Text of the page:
I have heard of many teachers who ask their students to communicate their preferred pronoun to them in some discreet way at the start of term. This could definitely help to avoid mis-gendering a student and subsequently causing any upset, but personally I have found it possible to just bypass gendered pronouns entirely by using students’ names and the singular they for everyone. The English singular they pronoun is a magic fix because decidedly male and female people don’t tend to take issue with it being used to substitute their name. E.g.: “Thomas, William has just gone to the office feeling poorly, can you check they made it okay?”. It doesn’t sound unnatural at all, right? It’s a small linguistic change that does no harm to the majority and considerable good for the minority. I’d call that a win.
Using inclusive language in Modern Foreign Languages
In European Languages, the problem is admittedly a much more difficult one to solve. This is why I believe that teaching the up-and-coming non-binary pronouns, nouns and adjectival endings is important for making MFL more inclusive.
In Spanish, the Claro 1 textbook actually gives teachers a bit of a head start with this, teaching the informal (and perhaps already out-dated) ‘@’ ending which allows words to be read as either masculine (with an ‘o’ ending), or feminine (with an ‘a’ ending). This helps to battle the inherent sexism in languages like Spanish and French where the masculine form is treated as the ‘default’ form and as such it is great for promoting gender equality between men and women. Unfortunately, it fails to give linguistic existence to any identity beyond male or female ones, and since language is the basis of our thoughts, knowledge and possibly even our identity, I would argue this is a problem.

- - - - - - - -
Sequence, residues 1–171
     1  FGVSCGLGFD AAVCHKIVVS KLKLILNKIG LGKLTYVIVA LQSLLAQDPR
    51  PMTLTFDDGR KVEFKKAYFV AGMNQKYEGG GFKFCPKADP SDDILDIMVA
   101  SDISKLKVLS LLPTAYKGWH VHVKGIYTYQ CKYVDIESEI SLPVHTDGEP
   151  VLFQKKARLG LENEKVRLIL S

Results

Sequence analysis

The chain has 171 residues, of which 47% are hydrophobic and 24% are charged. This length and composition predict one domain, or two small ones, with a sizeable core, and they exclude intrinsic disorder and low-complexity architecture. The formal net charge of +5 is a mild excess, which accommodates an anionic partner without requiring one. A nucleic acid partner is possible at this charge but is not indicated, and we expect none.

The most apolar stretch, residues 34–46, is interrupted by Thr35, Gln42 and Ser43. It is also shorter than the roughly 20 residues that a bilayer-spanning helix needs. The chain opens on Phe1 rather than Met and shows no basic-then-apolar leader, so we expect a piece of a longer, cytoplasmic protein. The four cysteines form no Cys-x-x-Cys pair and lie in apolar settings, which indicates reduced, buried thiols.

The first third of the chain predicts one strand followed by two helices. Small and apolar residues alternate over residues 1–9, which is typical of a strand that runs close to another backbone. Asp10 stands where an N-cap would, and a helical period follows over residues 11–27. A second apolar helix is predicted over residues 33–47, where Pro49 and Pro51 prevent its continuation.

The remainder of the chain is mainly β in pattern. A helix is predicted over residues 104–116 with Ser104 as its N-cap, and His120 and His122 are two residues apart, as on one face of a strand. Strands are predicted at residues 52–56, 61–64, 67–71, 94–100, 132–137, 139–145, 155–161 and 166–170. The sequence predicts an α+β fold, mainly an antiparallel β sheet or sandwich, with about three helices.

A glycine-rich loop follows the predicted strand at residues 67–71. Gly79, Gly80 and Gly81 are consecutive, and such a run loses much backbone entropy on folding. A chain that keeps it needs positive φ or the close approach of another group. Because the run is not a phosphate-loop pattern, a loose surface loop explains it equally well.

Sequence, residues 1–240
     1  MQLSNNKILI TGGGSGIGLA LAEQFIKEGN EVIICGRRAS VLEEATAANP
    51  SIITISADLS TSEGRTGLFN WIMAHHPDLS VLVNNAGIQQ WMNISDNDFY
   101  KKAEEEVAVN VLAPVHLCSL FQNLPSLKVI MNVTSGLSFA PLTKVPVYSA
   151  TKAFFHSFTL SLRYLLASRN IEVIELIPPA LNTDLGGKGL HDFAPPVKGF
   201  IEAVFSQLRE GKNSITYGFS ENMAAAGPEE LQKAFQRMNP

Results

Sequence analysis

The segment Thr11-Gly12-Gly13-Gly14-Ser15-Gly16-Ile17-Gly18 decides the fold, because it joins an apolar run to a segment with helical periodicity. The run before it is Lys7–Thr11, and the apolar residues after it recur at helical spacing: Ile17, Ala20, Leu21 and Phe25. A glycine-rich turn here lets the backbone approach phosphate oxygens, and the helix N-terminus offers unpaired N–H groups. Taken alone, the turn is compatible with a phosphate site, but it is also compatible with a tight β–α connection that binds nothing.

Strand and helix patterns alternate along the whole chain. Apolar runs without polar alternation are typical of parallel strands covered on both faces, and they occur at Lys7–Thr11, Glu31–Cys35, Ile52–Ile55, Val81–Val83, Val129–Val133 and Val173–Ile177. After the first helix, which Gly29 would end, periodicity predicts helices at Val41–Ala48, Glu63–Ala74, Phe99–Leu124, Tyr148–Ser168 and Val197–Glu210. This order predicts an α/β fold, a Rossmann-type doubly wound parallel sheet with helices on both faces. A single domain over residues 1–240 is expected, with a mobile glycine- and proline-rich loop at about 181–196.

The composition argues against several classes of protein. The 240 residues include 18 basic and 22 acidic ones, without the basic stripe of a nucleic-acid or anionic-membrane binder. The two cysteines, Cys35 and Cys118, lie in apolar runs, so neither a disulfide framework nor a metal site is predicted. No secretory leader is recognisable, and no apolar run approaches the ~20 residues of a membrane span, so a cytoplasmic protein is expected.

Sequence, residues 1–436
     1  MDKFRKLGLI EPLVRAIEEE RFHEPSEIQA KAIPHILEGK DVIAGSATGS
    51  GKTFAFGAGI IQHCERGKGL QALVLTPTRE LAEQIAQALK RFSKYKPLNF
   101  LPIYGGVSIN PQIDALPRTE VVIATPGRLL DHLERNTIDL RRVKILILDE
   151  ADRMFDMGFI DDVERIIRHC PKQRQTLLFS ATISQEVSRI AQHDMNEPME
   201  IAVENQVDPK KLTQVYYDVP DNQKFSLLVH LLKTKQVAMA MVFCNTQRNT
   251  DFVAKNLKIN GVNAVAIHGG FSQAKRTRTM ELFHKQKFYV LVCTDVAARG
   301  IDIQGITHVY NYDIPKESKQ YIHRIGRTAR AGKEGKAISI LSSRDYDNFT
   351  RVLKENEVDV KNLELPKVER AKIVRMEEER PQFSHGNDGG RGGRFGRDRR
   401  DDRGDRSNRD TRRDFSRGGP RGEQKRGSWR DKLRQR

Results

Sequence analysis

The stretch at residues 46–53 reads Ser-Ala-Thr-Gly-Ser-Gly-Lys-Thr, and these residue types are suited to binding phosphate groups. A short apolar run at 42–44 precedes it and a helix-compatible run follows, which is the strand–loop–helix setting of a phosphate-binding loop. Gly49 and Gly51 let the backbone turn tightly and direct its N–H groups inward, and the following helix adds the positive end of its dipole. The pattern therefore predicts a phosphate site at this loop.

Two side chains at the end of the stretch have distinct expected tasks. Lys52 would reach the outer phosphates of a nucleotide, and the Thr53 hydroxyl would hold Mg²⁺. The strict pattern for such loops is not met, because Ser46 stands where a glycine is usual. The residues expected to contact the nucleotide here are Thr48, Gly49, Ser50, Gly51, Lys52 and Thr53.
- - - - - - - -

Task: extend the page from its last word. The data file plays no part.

Thankfully for Spanish-speakers, a number of options have come about organically as the Spanish language has evolved alongside societal acceptance (or re-acceptance) of non-binary identities. I have taught my students the X ending, which is great for writing but not speaking, and the E ending which I personally find offers the best solution. As such, the word ‘hermano‘ means ‘brother’, ‘hermana‘ means ‘sister’ and ‘hermane‘ refers to a non-binary sibling (side note: sibling is a great non-binary English word that perhaps isn’t used enough).
I fear that a lot of teachers simply feel that re-working ‘the curriculum’ would be an endless task, but actually there are ways to make non-inclusive content work as well. In the example (below) I was teaching the family member nouns in Spanish using a picture I found on Google. To ensure I wasn’t denying anyone’s non-binary family member the right to exist in the piece of writing they would later do for me, I asked the group to tell me how we could refer to a non-binary sibling. Because they had already learned the E ending (which only requires a few minutes, a whiteboard and a pen to demonstrate), they were able to create the word ‘hermane’.
They then went on to create the words ‘abuele’, ‘tíe’ and ‘prime’ before hitting a brick wall with madre/padre or mamá/papá (we’ve yet to solve that one! mape?). In case you’re panicking at the thought of some retired examiner reading the word ‘hermane’ on a GCSE paper and marking a student down for it, I made sure my students were aware that these are relatively new additions to the Spanish language that have yet to receive official recognition (for example from la Real Academia Española). My students know to use the “officially accepted” forms in exams, comforted by the knowledge that they are ahead of the curve with inclusive language that will undoubtedly become more widely used in the near future.
In fact, watching the Mexican Netflix series Cien días para enamorarnos over the October half term, I was overjoyed to hear one character say to another (in Spanish, as below) “you can be my (male) friend, (female) friend or (non-binary) friend”, using the E ending. I showed this screenshot to my classes, which even got a small round of applause from one class.
In my experience, a lot of students are ahead of us teachers in terms of LGBT+ awareness and inclusive language, and are very welcoming and appreciative of these sorts of changes and content. Just the other day I saw a tweet from a colleague (below) who was thanked by a student for talking about Alan Turing, the English logician who was key to cracking the Nazi Enigma machine in WWII, saving an estimated 14 million lives, who was later charged with “gross indecency” for being homosexual, leading to his chemical castration and subsequent suicide (a particularly reprehensible example of Britain’s historic treatment of homosexuals).